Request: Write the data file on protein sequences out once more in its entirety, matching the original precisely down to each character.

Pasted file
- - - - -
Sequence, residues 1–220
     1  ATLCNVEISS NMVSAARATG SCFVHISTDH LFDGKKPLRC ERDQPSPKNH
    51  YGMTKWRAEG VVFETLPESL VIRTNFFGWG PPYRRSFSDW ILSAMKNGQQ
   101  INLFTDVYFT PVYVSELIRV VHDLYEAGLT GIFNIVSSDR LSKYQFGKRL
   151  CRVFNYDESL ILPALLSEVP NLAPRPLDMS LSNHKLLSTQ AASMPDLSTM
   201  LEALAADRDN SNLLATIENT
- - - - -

Sequence, residues 1–220
     1  ATLCNVEISS NMVSAARATG SCFVHISTDH LFDGKKPLRC ERDQPSPKNH
    51  YGMTKWRAEG VVFETLPESL VIRTNFFGWG PPYRRSFSDW ILSAMKNGQQ
   101  INLFTDVYFT PVYVSELIRV VHDLYEAGLT GIFNIVSSDR LSKYQFGKRL
   151  CRVFNYDESL ILPALLSEVP NLAPRPLDMS LSNHKLLSTQ AASMPDLSTM
   201  LEALAADRDN SNLLATIENT